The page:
However, the Generation of a CPU matters a lot in terms of performance and energy efficiency. For example, if we say that the i7 8th generation CPU is better than the i5 8th generation CPU then it is quite true. But if we say that the i7 8th generation CPU is better than the i5 9th generation CPU then this statement might be wrong. This is because these upgraded generation CPUs are better than the previous generation CPUs. In terms of previous generations, they are better in terms of process technology (nm technology) or micro-architecture which enhances its performance, high-end clock speed and power efficiency, etc. There are various generations of Intel processors.
1st Generation of Intel Core Processor- Nehalem
The First Generation of Intel CPUs is based on Nehalem micro-architecture. It is released by intel in 2008. This microarchitecture is based on 45nm process technology. These processors having 731M to 2300 Million transistors of size 45nm each. In the performance section, the clock speed of first Generation Intel processors ranges from 1.06 GHz to 3.33 GHz. Nehalem series has a minimum of 2 cores and a maximum of 6 cores. The cache memory of these processors having 64 kb per core of L1 cache, 256 kb per core of L2cache, and 4 MB to 24 MB of shared (used by all the cores) L3 cache. The Hyper-Threading technology was also reintroduced in this generation. It supports 1156 LGA sockets and 2-channel DDR3 RAM.
2nd Generation of Intel Core Processor- Sandy Bridge
2nd Generation Intel of processors was based on Sandy Bridge micro-architecture. It is introduced by Intel in 2011. Processors of this generation are based on 32 nm process technology. Transistors in this series of processors have 504 Million to 2.27 Billion transistors of size 32 nm each. Sandy Bridge is a successor of Nehalem micro-architecture.
The clock speed of this generation ranges from 1.60 GHz to 3.60 GHz. Nehalem series has 1 to 4 core of normal CPUs, 4-6 cores in Extreme variants, and 2-8 cores in Xeon series processors at that time. The cache memory of CPUs of this generation having 64 kb per core of L1 cache, 256 kb per core of L2 cache, and 1 MB to 8 MB of shared L3 cache in normal variants 10-15 MB in extreme variants and 3-20 MB of L3 cache in Xeon series processor. It supports an 1155 LGA socket and 2-channel DDR3-1066 RAM. This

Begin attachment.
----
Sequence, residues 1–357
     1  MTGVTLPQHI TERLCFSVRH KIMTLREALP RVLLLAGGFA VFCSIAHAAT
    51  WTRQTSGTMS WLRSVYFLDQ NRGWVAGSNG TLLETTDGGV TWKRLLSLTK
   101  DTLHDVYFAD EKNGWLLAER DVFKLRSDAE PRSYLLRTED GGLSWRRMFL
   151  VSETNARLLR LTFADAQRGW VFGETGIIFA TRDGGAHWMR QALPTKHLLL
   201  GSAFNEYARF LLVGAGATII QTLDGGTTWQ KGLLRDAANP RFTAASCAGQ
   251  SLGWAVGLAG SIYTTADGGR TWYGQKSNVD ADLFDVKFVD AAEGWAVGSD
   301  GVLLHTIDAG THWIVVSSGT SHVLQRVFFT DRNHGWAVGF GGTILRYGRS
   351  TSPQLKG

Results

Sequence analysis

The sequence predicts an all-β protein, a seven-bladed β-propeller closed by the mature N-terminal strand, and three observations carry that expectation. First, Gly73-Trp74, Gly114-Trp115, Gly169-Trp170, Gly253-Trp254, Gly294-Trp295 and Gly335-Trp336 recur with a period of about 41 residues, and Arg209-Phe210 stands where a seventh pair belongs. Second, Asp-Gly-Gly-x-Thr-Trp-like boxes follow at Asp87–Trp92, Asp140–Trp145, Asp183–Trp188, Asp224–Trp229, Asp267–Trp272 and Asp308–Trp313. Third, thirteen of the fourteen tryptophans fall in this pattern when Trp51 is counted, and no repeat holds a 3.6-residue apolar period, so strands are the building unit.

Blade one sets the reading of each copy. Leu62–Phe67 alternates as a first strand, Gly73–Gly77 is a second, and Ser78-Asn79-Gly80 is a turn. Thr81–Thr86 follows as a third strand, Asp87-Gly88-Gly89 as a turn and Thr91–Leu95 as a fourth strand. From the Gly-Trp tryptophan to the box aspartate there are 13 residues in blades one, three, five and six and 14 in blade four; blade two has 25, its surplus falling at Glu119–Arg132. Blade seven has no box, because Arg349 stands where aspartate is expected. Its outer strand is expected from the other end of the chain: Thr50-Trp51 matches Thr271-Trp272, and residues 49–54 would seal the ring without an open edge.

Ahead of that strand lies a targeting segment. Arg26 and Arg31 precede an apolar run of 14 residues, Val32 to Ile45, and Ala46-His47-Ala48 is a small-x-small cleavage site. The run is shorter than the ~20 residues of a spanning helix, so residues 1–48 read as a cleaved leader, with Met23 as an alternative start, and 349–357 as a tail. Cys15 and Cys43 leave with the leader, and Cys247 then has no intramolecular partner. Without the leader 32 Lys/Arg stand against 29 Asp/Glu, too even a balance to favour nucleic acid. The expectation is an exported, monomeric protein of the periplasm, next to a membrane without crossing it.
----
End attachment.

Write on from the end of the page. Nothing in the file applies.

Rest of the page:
3rd Generation of Intel Core Processor- Ivy Bridge
Launched on April 29, 2012. 3rd Generation of Intel processors is based on Ivy Bridge micro-architecture which is based on 22 nm process technology. This micro-architecture has 2,104 (22 nm) million transistors situated in a single chip. It is the first generation that has tri-gate transistors.
In the performance section, its clock speed ranges from 1.4 GHz to 4.1 GHz. The cache memory of this architecture consists of 64 kb per core of L1 cache, 256 kb per core of L2 cache, and 2 MB to 8 MB shared (used by all the cores) of L3 cache. It consists of 2-4 cores in mainstream and 2-15 cores in Xeon series. It supports LGA 1155, LGA 2011, LGA 2011-1, LGA 1356, sockets with DDR3-1333 to DDR3-1600 RAM. This processor model consumes up to 50% less energy and will give a 25% to 68% increase in performance as compared to Sandy Bridge(2nd generation of Intel) Processors.
4th Generation of Intel Core Processor- Haswell